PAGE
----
Tips to ease menopause symptoms
Menopause affects women in different ways, with some suffering more than others. It's something females are made aware of, but how realistic are the tales being told? There are some aspects which need to be made clear so they don't come as an unpleasant surprise at the time.
One of the main side effects of the menopause is hot flushes, with females feeling overcome with warmth when they hit. It's estimated that over 75 per cent of women experience them, but of this number, around 33 per cent put up with them for ten years. Yes, ten years! So young ladies who assumed hot flushes were just momentary sensations, you couldn't be more wrong. They can keep a person up at night due to discomfort.
Switching up your diet a bit could help - avoid caffeine, spicy foods and alcohol, as these cause flushes on a general basis, so imagine how bad it must be during menopause? Foods with isoflavones, compounds that give the same effects as oestrogen, also help, like soybeans, tofu and miso soup. Also lowering the temperature in the bedroom can help with a good night's sleep.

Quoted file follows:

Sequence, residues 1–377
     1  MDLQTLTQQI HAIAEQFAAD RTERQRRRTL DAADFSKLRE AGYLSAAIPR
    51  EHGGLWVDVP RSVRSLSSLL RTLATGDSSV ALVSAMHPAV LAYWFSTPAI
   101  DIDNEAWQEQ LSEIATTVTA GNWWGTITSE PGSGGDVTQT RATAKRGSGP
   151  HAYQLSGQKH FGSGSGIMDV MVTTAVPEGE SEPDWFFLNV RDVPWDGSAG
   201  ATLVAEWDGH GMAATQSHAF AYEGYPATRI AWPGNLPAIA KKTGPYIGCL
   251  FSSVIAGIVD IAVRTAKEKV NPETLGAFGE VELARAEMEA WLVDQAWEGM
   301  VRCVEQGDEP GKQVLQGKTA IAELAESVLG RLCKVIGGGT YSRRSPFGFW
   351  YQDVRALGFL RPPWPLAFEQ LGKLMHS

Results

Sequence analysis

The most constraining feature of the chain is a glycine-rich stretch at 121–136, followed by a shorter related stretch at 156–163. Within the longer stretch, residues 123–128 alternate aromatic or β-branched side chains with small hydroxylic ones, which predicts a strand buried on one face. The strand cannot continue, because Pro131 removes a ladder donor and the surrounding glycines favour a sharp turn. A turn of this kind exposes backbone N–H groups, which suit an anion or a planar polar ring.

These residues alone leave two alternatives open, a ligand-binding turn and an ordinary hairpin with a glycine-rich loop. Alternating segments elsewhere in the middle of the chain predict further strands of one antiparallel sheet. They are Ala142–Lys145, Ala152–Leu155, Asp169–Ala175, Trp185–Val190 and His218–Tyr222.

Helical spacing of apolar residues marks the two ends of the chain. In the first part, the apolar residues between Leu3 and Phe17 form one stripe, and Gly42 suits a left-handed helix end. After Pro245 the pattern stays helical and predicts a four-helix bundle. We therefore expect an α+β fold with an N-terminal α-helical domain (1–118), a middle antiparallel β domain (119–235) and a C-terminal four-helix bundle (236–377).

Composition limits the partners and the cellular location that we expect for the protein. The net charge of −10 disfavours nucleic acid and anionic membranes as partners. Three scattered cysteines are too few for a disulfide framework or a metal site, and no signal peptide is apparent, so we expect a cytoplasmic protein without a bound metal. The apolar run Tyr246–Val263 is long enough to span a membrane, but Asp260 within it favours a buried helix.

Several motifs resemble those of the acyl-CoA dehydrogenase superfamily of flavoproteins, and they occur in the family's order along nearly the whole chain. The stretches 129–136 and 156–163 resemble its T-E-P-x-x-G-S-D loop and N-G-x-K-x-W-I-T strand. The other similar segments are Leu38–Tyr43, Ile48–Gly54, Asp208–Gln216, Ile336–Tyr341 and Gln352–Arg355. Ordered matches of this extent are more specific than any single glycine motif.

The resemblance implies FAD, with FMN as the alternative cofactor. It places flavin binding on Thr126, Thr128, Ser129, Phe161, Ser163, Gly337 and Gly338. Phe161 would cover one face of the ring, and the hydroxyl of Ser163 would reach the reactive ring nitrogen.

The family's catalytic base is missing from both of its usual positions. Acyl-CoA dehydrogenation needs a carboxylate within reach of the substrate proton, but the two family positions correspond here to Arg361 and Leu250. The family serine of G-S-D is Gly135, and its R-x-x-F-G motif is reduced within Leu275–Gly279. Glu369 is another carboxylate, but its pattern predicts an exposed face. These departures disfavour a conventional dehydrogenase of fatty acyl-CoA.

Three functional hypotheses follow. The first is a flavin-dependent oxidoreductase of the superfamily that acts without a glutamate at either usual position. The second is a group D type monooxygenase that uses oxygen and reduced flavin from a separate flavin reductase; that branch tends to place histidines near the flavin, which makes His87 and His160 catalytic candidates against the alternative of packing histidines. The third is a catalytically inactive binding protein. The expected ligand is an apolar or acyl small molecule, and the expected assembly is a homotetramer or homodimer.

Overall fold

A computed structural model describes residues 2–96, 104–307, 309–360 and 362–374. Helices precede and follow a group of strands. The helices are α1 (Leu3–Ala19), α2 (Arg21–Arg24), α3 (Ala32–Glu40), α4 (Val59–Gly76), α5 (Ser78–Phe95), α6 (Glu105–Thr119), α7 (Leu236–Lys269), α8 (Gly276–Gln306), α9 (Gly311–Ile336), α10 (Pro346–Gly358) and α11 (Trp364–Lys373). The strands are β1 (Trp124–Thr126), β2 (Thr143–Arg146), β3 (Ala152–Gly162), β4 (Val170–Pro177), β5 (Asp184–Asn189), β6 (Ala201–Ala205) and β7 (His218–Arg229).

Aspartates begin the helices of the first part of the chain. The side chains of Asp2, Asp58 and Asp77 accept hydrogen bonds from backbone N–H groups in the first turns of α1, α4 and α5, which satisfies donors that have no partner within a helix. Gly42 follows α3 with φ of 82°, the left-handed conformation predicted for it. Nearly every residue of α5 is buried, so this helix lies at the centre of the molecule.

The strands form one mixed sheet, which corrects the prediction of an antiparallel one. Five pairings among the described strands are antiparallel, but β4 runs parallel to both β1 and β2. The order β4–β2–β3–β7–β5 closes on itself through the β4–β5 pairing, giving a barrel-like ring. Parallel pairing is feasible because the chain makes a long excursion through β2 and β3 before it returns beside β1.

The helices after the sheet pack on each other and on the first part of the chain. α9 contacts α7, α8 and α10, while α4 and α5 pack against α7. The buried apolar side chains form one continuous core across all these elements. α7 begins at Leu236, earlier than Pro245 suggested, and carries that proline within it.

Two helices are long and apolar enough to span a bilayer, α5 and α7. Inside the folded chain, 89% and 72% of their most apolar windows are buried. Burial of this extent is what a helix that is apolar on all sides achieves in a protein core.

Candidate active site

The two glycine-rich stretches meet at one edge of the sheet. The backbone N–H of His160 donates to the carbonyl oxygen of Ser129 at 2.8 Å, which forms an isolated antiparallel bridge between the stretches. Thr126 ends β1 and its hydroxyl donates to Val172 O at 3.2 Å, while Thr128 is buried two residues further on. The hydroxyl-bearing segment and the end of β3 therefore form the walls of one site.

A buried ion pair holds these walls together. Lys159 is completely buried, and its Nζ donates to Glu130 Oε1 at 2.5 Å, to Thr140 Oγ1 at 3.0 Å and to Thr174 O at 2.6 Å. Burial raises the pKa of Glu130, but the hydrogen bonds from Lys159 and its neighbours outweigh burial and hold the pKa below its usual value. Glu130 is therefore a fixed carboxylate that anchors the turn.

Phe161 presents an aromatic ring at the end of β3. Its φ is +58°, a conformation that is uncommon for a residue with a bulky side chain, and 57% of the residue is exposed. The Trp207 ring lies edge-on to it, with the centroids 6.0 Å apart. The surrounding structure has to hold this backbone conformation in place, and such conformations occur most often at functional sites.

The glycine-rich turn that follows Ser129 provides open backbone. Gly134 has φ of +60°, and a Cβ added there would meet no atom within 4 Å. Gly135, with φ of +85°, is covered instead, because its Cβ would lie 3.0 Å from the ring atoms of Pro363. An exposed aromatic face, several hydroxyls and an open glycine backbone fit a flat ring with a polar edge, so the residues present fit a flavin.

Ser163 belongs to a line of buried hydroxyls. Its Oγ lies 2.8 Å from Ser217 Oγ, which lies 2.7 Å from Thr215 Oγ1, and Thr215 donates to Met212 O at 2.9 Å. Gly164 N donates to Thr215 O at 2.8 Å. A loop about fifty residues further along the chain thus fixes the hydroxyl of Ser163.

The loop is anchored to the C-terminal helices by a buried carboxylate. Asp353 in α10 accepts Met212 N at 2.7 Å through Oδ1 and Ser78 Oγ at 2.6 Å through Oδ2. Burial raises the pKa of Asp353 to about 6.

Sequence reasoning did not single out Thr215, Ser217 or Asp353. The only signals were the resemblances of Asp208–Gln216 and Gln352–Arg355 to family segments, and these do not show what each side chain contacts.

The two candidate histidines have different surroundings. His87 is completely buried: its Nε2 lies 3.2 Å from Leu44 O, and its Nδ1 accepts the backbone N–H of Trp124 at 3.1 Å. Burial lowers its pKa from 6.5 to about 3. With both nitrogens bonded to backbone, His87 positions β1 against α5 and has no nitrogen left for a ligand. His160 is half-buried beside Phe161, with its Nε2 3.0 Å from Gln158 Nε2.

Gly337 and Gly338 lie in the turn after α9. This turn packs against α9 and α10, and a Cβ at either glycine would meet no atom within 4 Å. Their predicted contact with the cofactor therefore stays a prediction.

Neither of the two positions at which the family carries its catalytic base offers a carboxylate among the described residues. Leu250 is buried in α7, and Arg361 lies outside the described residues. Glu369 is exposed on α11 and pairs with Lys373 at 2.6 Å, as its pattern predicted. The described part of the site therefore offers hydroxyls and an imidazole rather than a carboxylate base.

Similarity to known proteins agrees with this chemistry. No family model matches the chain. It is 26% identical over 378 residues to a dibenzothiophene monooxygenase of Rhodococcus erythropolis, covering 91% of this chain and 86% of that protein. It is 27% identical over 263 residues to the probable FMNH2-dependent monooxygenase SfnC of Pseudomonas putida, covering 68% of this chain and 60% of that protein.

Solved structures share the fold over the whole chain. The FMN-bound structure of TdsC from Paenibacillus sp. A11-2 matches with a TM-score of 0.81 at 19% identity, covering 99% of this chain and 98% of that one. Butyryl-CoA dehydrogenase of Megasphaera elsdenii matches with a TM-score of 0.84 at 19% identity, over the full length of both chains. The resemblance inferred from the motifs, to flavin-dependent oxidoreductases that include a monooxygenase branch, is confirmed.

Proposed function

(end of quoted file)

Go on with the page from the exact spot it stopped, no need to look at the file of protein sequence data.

Many may not know how an imbalanced body can add to menopause symptoms either. Rather than turning to Western medicines to ease any annoyances, women could try Traditional Chinese Medicine. These methods cater to each female as an individual rather than a whole, which is useful in this area because, as mentioned above, no menopause is the same. The treatment looks at which part of the body is deficient and aims to restore balance.
Acupuncture is sometimes used to get the body back on track, with points targeted according to the problem. A positive aspect of using Chinese Medicine is that there aren't the same side effects as over-the-counter drugs. Everything is natural and can be used on a long-term basis.
And a final tip; a recent study by researchers at Tokyo Medical University found that drinking a glass of tomato juice a day eased menopause symptoms. They discovered 200ml twice a day for eight weeks helped ease cholesterol and anxiety in women. Overall, in the 93 women studied, their symptoms - including hot flushes - had almost halved.